Tiger in Chicago-area zoo undergoes second hip surgery

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Veterinarians, technicians and staff prepare Malena, a 10-year-old endangered Amur tiger, for total hip replacement surgery at Brookfield Zoo, Wednesday, Jan. 27, 2021 in Brookfield, Ill. According to the CZS, the tiger has arthritis in her left hip and the surgery is believed to be the first time a full joint replacement will be attempted on a tiger in North America. (Ashlee Rezin Garcia/ /Chicago Sun-Times via AP)

BROOKFIELD, Ill. (AP) — An Amur tiger that underwent hip-replacement surgery only to dislodge the orthopedic implant within hours has been operated on again, officials at a suburban Chicago zoo said Monday.

A team of veterinary specialists removed the original implant over the weekend and performed an alternative procedure on 10-year-old Malena to allow a fibrous joint to form and let her leg muscles provide stability to the joint, Brookfield Zoo said in a news release.

She may not be able to perform the kind of “high energy and high impact activities” of a normal tiger as she recovers under close observation, but severe arthritis was already limiting Malena’s movements, the zoo said.

“We anticipate Malena will have better use and mobility of her leg than she did before surgery and most importantly, her hip will be free of pain,” said Dr. Mike Adkesson, vice president of clinical medicine for the Chicago Zoological Society, which manages Brookfield Zoo.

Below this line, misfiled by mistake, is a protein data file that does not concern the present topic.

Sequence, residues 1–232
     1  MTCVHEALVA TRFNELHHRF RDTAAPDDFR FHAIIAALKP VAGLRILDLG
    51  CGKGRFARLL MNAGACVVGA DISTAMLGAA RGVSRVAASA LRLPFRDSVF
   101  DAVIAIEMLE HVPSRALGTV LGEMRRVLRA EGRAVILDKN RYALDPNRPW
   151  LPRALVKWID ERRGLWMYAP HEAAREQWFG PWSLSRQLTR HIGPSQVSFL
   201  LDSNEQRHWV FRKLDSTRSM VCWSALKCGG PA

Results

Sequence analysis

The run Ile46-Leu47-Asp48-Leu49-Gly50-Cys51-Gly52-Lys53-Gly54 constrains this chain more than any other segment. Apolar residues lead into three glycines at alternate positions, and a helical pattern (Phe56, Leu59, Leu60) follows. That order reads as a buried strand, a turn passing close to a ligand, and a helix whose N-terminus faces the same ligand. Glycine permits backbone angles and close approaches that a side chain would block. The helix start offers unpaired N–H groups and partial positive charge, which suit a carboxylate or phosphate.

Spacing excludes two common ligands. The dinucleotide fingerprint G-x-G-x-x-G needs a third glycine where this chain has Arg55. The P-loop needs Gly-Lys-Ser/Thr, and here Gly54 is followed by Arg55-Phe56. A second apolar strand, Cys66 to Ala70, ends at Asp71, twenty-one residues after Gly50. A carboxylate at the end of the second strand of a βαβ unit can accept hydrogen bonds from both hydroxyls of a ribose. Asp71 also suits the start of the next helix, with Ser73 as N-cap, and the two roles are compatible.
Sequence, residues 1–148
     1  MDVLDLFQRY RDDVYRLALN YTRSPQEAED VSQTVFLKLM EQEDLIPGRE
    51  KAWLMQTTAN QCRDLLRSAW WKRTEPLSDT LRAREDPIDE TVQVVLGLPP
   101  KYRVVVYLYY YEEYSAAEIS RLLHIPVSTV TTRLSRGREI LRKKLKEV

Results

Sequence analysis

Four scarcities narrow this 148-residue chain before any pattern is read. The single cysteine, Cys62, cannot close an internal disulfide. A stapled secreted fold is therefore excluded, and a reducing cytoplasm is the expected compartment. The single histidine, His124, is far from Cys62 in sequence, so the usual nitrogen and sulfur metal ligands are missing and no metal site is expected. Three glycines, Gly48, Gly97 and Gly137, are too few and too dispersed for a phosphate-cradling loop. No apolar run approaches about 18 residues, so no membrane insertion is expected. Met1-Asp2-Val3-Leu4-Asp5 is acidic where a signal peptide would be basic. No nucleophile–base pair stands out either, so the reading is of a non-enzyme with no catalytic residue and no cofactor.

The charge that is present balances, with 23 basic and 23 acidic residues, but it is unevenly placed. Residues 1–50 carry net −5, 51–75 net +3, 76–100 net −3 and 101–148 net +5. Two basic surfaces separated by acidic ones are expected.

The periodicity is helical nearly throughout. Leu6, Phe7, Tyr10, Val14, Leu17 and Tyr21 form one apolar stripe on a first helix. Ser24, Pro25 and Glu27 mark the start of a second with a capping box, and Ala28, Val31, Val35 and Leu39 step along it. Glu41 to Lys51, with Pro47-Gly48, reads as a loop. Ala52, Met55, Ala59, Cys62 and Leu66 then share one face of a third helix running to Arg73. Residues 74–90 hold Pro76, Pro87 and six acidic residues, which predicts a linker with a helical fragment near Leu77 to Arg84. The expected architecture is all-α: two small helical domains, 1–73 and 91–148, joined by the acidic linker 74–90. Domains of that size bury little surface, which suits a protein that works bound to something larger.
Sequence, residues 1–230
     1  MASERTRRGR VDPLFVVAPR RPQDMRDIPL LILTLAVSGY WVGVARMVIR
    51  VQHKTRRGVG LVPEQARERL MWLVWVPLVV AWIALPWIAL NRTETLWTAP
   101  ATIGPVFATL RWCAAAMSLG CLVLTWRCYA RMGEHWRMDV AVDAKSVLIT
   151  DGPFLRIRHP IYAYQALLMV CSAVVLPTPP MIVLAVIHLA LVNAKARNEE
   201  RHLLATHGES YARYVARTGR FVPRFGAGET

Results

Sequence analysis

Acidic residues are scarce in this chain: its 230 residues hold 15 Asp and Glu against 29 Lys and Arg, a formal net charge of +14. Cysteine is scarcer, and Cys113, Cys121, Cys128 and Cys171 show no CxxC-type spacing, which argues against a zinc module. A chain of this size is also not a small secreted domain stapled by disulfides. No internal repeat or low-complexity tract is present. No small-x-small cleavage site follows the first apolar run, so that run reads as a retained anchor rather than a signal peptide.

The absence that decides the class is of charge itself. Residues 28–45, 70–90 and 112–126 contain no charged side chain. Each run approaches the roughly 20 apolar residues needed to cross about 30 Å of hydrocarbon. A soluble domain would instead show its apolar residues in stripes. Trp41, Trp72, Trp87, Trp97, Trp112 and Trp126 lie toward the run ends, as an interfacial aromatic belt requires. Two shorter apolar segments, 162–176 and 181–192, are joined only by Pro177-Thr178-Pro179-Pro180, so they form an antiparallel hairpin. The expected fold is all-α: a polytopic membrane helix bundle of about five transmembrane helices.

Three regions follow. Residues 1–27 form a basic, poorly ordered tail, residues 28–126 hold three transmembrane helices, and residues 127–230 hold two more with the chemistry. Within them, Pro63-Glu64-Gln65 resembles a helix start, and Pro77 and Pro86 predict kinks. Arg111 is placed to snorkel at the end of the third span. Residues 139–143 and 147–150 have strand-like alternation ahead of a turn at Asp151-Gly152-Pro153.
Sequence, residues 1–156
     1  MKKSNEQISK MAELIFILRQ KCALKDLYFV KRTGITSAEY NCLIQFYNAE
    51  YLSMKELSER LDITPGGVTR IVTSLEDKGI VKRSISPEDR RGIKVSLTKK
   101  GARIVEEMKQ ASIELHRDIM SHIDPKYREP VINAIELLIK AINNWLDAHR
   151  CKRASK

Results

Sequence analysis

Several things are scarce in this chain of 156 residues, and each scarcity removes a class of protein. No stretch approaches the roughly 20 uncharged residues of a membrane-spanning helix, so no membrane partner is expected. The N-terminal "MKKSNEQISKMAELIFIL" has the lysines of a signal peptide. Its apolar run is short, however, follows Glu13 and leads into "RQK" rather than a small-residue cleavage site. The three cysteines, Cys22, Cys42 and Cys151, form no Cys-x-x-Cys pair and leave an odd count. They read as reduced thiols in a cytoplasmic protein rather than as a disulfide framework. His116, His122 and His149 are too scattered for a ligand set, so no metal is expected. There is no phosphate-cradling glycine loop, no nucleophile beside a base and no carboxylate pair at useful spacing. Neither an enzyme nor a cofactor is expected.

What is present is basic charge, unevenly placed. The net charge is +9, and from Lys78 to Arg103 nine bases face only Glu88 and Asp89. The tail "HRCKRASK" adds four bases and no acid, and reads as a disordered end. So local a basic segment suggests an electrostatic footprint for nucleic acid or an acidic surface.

The need for a second operation did not come as a total surprise to the veterinarians who performed what was believed to be the first full hip replacement surgery with a custom, patient-designed implant to be attempted on a tiger in North America. In fact, they had already planned the second surgery to relieve the tiger’s discomfort in the event there were any complications from the implant.

The medical staff was encouraged by the sight of Malena moving around on Sunday and drinking water and eating on Monday.

“We feel hopeful and optimistic about the procedure and Malena’s recovery from the second surgery. We have seen her rolling on her back, pawing at things, and making other movements that are all normal behaviors for a content, resting cat,” added Adkesson.

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